Whenever we’re in a boom/bubble, a huge crop of recruiters springs up and, like me, you are probably inundated with their unsolicited inbound messages.  Here are a few things to watch out for in dealing with recruiters:

  • look for recruiters that have been through multiple boom/bust cycles. We’re in a boom/bubble now so it’s easy to be a recruiter. Only the good ones have the staying power through the tough times.
  • adding multiple recruiters (for a role) often doesn’t help much, due to the very limited supply of candidates.  It actually makes more busy work for you since you’ll have to track which recruiter has introduced which candidate first; otherwise you’ll end up having to deal with an irate recruiter who wants his commission for introducing a candidate to you months ago who you just hired via another recruiter by accident.
  • beware of recruiters that try to hook you in with candidates that they don’t actually represent and have never actually spoken to. Some recruiters are not averse to copying resumes from LinkedIn and then presenting them to you as candidates they actually represent in order to get your business.
  • beware of recruiters who overly “coach” candidates ahead of interviews, based on feedback from prior candidates they’ve sent you. If a candidate’s answers to your questions sound too good to be true, they probably are.
  • fees are always negotiable, as are guarantee periods.  The standard initial offer from a recruiter currently is usually 25% of first-year salary with a 3 month guarantee.  Negotiating down to 20% and 6 months should be possible in most case, bubble or no bubble.

On your side, you should also make sure you have realistic expectations of any recruiter and understand what you will need to do to be successful:

  • provide the recruiter with a written job spec (see above)
  • recruiters are not software engineers. Although a good technical recruiter should be expected to have a basic understanding of different skill sets, they are not going to understand the nuances you do.  They should be able to ask questions you provide them, though.
  • tell the recruiter which companies  suitable candidates are likely to be currently working at or  worked at recently.
  • be responsive and professional in the recruitment process.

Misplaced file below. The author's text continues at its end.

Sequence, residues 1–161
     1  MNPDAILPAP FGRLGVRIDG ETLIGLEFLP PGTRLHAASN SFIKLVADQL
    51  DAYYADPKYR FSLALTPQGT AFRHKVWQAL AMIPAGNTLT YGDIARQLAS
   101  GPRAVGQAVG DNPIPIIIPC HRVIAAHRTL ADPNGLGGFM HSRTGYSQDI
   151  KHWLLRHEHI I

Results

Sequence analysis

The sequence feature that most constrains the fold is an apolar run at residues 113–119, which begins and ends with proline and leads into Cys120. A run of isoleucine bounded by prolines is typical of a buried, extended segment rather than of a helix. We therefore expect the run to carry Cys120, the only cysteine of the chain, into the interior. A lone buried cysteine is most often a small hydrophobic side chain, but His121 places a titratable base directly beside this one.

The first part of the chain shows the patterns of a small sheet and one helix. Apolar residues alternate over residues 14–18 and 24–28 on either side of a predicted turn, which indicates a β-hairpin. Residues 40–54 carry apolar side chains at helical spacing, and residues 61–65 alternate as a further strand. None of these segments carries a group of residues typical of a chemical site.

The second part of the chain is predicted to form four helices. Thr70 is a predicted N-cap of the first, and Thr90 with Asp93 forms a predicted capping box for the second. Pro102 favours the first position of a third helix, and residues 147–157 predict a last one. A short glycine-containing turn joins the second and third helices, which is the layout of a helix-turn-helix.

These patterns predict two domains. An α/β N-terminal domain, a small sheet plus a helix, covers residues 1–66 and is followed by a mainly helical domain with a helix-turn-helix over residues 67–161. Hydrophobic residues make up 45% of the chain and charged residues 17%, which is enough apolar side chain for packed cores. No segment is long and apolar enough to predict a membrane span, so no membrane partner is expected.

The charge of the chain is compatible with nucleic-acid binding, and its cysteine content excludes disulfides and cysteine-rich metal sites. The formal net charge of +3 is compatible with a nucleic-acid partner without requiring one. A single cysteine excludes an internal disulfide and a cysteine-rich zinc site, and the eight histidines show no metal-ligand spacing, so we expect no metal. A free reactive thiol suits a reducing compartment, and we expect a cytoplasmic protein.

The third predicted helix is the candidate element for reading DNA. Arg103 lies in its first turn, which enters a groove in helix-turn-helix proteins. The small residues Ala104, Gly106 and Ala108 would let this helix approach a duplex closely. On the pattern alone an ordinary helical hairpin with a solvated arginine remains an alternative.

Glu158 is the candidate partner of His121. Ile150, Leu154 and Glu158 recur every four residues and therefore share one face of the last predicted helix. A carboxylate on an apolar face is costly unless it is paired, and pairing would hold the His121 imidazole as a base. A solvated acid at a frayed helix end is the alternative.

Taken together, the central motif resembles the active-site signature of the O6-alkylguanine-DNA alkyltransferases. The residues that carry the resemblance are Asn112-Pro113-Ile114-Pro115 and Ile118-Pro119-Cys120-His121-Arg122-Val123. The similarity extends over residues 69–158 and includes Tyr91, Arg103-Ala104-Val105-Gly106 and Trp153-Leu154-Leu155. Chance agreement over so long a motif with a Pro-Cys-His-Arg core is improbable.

• a recruiter can bring a horse to water but it can’t make it drink – the onus is still on you to make joining your company the most attractive option of the many options that any good candidate will have.

Compromise

Given the ridiculously competitive hiring market and the level of entitlement (see below), you are highly unlikely to find the “perfect candidate” and will almost certainly have to compromise on at least one attribute.

The important thing is to be clear on what to compromise on and what not to.

Don’t compromise on cultural fit or talent – that’ll slowly erode the quality of your organization.  Filling a position with someone who doesn’t cut the mustard or fit with your culture just to fill it is almost always a recipe for disaster – i.e. worse than hiring no one.

The first thing you might compromise on is specific experience. Unless you are hiring for a highly specialized skill-set or have a very time-critical need, I would always choose the more talented person over the person with the more specific skill-set or experience match. This is because the more talented person will almost always out-perform the less talented person in a matter of weeks.

To take a concrete and pertinent example for software engineering candidates, Ruby-on-Rails engineers are particularly hard to find and demand a premium in the current market.  But, it’s not like a great (or “rockstar” as a recruiter would put it) engineer with no Ruby-on-Rails experience is suddenly going to become a terrible engineer just because they don’t know Rails. I will put money on the great engineer with web development experience but no Rails experience outperforming the less talented engineer with Rails experience within 4-6 weeks.

Another attribute you might compromise on is work location; whether its someone talented who lives a long way away or someone more local who just prefers to work from home.  If you’re based in Silicon Valley, opening up your search to other locations massively increases the pool of available candidates.

Hiring someone who is not local and helping pay for their relocation is potentially a great deal versus having to pay a premium for someone already local.

Alternatively, while allowing remote working introduces its own challenges (such as instilling culture), it is a viable option, as long as you build your organization, culture and processes in a way that supports it.